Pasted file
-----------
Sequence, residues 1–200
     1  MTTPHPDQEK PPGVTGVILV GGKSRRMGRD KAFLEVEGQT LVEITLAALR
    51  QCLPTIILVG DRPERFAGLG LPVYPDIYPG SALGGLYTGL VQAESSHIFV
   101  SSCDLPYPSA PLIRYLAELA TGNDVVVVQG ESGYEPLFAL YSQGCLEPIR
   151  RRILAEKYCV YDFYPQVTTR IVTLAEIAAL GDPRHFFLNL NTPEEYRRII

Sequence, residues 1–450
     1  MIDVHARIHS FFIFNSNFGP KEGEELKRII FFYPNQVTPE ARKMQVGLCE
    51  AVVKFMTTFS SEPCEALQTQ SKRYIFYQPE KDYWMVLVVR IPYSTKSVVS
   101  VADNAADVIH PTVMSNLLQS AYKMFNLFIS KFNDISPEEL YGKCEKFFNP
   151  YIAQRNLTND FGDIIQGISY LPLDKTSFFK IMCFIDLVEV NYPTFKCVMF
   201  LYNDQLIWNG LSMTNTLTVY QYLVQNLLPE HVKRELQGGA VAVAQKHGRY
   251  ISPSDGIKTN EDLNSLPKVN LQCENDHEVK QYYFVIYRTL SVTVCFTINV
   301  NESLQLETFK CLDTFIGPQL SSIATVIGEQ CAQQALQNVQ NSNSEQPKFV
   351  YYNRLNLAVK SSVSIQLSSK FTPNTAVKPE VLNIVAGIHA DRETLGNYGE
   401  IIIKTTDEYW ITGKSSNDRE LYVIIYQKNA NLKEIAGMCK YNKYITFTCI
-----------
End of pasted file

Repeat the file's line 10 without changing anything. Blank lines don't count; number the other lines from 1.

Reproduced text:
   151  YIAQRNLTND FGDIIQGISY LPLDKTSFFK IMCFIDLVEV NYPTFKCVMF